Nonsurgical Management of Traumatic Internal Jugular Vein Rupture Using Direct Compression

Article information

Trauma Image Proced. 2018;3(2):62-64
Publication date (electronic) : 2018 November 30
doi : https://doi.org/10.24184/tip.2018.3.2.62
1Department of Trauma Surgery, Wonkwang University, Jeonbuk, Korea
2Department of Radiology, Wonkwang University, Jeonbuk, Korea
Correspondence to: Chan Yong Park, Department of Trauma Surgery, Wonkwang University Hospital, Jeonbuk, Korea Tel: 82-63-859-2602, Fax: 82-63-859-2029, E-mail: wkafyddl@hanmail.net
Received 2018 October 22; Revised 2018 October 27; Accepted 2018 October 29.

Abstract

The internal jugular vein (IJV) very rarely gets ruptured by blunt trauma and is usually surgically repaired. Here, we report a case of successful nonsurgical treatment using external compression in patient with ruptured left IJV with multifocal active bleeding in neck computed tomography.

CASE

A 67-year-old male presented to the emergency department with left neck pain and swelling after meeting with a traffic accident. The neck computed tomography (CT) revealed a multifocal contrast media extravasation from the left internal jugular vein (IJV) and a severe mass affecting the diffuse soft tissue infiltrating and thickening the deep cervical and superficial cervical spaces (Fig. 1). The left cervical portion was compressed with a sand bag (Fig. 2). The patency of both IJV was confirmed in the neck ultrasound on the following morning (Fig. 3). One week later, follow-up CT revealed total recanalization of the occluded left IJV, marked absorption of preexisting hematoma located in the deep neck spaces, and a bulging caused by liquefaction of the resolving hematoma in the left masticator and posterior cervical space (Fig. 4). The left IJV, not found in threedimensional angiographic images in the neck CT, was observed again after 1 week (Fig. 5).

Fig. 1.

Neck CT revealing multifocal contrast media extravasation accompanied with severe mass effect from the left internal jugular vein (IJV).

Fig. 2.

The left cervical portion is compressed with a sand bag.

Fig. 3.

The patency of the left internal jugular vein (IJV) is observed in the neck ultrasound on the following morning. Flows in the left common carotid artery (indicated by blue color) and left IJV (indicated by red color) are observed in the short axis view (A). In the long axis view, a flow in the left IJV (indicated by blue color) is observed.

Fig. 4.

One week later, follow-up CT reveals total recanalization of the occluded left internal jugular vein (IJV) and marked absorption in the deep neck hematoma.

Fig. 5.

Neck CT (3-D angiographic images) shows a remarkable change in the left internal jugular vein (IJV), which was not observed upon admission (A). After 1 week, the left IJV is clearly observed (B).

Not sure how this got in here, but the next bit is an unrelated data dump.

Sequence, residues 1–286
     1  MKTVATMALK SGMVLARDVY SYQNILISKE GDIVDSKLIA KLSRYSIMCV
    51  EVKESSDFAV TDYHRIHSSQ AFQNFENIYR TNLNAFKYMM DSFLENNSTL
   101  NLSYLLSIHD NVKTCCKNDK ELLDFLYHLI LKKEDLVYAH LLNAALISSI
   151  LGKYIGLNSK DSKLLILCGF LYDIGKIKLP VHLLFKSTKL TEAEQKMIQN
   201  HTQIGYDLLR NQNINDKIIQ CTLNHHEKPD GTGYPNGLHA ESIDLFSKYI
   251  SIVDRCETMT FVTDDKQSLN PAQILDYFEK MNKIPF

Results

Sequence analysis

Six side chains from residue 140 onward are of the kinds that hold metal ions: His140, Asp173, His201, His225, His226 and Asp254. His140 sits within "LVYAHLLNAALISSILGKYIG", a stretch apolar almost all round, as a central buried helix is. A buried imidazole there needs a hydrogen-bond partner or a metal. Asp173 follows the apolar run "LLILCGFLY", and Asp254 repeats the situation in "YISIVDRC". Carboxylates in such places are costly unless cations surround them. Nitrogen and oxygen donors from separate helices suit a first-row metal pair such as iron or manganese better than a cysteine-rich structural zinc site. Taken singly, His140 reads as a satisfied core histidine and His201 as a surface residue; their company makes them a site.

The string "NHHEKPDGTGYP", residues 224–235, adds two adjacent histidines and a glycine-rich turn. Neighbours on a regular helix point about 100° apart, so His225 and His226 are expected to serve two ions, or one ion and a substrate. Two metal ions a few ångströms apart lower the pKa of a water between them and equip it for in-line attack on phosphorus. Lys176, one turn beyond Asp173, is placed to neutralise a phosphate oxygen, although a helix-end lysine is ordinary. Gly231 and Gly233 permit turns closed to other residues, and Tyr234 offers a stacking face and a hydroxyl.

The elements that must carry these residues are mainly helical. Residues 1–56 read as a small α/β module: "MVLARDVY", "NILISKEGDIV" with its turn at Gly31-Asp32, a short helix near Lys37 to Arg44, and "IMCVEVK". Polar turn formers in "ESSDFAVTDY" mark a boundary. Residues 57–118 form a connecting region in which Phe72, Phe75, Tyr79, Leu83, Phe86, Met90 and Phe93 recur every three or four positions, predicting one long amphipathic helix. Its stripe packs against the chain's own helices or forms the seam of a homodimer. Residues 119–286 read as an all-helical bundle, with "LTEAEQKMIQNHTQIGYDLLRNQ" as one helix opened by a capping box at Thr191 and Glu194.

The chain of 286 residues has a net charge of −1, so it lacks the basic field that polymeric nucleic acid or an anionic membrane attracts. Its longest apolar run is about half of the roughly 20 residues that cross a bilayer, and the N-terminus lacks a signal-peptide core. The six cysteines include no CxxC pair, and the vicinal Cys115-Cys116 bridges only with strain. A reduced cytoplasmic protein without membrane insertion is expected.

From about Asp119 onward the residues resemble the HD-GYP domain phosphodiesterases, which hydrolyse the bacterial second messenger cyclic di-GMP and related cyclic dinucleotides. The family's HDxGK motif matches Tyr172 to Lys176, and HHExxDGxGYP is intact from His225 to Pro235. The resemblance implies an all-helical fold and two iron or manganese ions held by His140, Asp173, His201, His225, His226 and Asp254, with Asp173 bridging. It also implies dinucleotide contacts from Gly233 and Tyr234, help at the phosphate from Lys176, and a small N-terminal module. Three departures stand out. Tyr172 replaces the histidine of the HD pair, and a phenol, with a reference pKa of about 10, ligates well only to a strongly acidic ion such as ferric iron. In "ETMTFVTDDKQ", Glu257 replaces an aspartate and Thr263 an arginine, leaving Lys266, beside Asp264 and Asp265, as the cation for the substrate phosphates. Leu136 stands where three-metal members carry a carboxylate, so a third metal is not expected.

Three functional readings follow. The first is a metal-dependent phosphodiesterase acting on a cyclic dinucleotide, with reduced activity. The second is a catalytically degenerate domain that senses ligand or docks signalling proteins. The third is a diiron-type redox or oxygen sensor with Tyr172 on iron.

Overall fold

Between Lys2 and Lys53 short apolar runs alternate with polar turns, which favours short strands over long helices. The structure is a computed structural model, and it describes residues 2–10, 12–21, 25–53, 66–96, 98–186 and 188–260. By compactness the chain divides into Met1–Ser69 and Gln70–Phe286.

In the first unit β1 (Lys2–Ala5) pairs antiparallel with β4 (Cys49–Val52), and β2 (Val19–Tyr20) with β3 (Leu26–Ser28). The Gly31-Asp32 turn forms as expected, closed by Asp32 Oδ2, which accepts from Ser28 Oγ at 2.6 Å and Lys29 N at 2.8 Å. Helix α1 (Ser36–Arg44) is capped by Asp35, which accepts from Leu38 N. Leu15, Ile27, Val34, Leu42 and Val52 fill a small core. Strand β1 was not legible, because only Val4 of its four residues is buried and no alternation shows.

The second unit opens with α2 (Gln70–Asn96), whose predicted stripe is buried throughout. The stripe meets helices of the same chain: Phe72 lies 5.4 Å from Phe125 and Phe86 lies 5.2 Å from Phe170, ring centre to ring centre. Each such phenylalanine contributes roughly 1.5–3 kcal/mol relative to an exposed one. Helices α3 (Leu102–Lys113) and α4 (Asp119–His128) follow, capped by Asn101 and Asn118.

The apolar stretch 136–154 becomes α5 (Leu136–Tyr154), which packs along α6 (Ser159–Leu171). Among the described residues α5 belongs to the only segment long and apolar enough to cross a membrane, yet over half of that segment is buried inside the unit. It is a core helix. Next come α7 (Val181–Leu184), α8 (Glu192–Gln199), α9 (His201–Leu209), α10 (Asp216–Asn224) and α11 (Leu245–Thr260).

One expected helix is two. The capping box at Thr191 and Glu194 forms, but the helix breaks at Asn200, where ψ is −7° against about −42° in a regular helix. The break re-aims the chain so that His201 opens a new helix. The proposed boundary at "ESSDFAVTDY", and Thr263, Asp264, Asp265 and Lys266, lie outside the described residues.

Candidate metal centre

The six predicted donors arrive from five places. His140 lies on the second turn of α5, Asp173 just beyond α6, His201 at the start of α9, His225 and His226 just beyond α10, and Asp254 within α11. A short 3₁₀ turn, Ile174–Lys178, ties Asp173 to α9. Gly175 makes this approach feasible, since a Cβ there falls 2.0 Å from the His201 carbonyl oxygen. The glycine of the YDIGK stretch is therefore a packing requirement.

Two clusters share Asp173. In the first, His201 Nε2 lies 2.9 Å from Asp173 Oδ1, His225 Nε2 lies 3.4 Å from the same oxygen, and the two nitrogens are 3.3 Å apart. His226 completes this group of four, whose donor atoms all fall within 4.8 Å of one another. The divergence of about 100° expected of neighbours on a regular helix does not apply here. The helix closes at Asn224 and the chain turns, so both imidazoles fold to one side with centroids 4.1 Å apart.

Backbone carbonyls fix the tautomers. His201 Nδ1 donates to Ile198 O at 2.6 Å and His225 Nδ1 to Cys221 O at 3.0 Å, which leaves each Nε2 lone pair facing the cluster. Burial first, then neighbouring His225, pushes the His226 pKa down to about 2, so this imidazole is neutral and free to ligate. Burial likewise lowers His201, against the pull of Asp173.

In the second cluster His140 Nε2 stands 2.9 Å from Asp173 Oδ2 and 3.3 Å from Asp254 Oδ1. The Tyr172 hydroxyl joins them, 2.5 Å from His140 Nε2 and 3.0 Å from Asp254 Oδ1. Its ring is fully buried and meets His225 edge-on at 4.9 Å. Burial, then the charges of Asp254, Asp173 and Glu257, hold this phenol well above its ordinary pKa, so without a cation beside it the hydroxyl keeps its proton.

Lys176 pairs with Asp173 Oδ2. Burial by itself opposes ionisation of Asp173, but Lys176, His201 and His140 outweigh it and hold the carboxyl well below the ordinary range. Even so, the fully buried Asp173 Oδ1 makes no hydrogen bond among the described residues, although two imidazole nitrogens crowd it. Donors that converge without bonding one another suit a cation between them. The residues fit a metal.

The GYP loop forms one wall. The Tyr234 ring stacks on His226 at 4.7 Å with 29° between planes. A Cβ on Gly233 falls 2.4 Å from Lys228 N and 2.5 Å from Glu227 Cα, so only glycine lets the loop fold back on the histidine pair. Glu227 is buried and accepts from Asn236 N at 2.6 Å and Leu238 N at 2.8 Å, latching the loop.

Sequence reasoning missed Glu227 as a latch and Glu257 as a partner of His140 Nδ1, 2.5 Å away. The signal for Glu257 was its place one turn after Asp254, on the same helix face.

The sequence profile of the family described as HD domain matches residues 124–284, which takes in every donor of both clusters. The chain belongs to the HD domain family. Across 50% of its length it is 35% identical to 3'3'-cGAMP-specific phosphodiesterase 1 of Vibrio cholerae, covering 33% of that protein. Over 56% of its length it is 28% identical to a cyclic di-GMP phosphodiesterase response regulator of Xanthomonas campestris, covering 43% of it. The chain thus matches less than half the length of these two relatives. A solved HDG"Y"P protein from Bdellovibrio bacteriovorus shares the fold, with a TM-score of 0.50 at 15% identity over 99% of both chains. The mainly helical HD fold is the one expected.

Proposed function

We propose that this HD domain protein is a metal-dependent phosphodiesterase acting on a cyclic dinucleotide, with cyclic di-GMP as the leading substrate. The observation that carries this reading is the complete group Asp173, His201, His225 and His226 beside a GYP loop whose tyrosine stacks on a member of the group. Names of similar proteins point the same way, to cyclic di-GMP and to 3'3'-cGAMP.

DISCUSSION

Ruptured IJV due to trauma has been rarely reported [1-3]. In particular, reports of rupture due to blunt trauma are very rare. Simmons et al. [2] reported that 3 of 5 isolated IJV injuries underwent primary repair and two underwent ligation. Yen et al. [3] reported a case treated by embolization for a penetrating IJV injury accompanied with life-threatening hemorrhage. Park et al. [4] reported endovascular repair following cardiopulmonary resuscitation in a patient with common iliac vein rupture caused by blunt trauma. However, only a few cases had successful nonsurgical management of ruptured IJV due to blunt trauma. External compression in patients with isolated IJV injury associated with multifocal contrast media extravasation after blunt trauma may be considered as a treatment option in selected patients.

Notes

Conflict of Interest Statement

None of authors have a conflict of interest

References

1. Clark JD. Blunt neck trauma: torn internal jugular vein after a motor vehicle crash. J Emerg Nurs 2008;34(3):249–50.
2. Simmons JD, Ahmed N, Donnellan KA, Schmieg RE Jr, Porter JM, Mitchell ME. Management of traumatic vascular injuries to the neck: a 7-year experience at a Level I trauma center. Am Surg 2012;78(3):335–8.
3. Yen AJ, Conrad MB, Loftus PA, Kumar V, Nanavati SM, Wilson MVV, et al. Internal Jugular Vein Embolization to Control Life-Threatening Hemorrhage after Penetrating Neck Trauma. J Vasc Interv Radiol 2018;29(3):435–7.
4. Park CY, Yeo KH, Kim HH, Hwang JJ, Lee SC, Kim CW, et al. Endovascular Repair of Traumatic Common Iliac Vein Rupture. Trauma Image Proced 2016;1(1):26–8.

Article information Continued

Fig. 1.

Neck CT revealing multifocal contrast media extravasation accompanied with severe mass effect from the left internal jugular vein (IJV).

Fig. 2.

The left cervical portion is compressed with a sand bag.

Fig. 3.

The patency of the left internal jugular vein (IJV) is observed in the neck ultrasound on the following morning. Flows in the left common carotid artery (indicated by blue color) and left IJV (indicated by red color) are observed in the short axis view (A). In the long axis view, a flow in the left IJV (indicated by blue color) is observed.

Fig. 4.

One week later, follow-up CT reveals total recanalization of the occluded left internal jugular vein (IJV) and marked absorption in the deep neck hematoma.

Fig. 5.

Neck CT (3-D angiographic images) shows a remarkable change in the left internal jugular vein (IJV), which was not observed upon admission (A). After 1 week, the left IJV is clearly observed (B).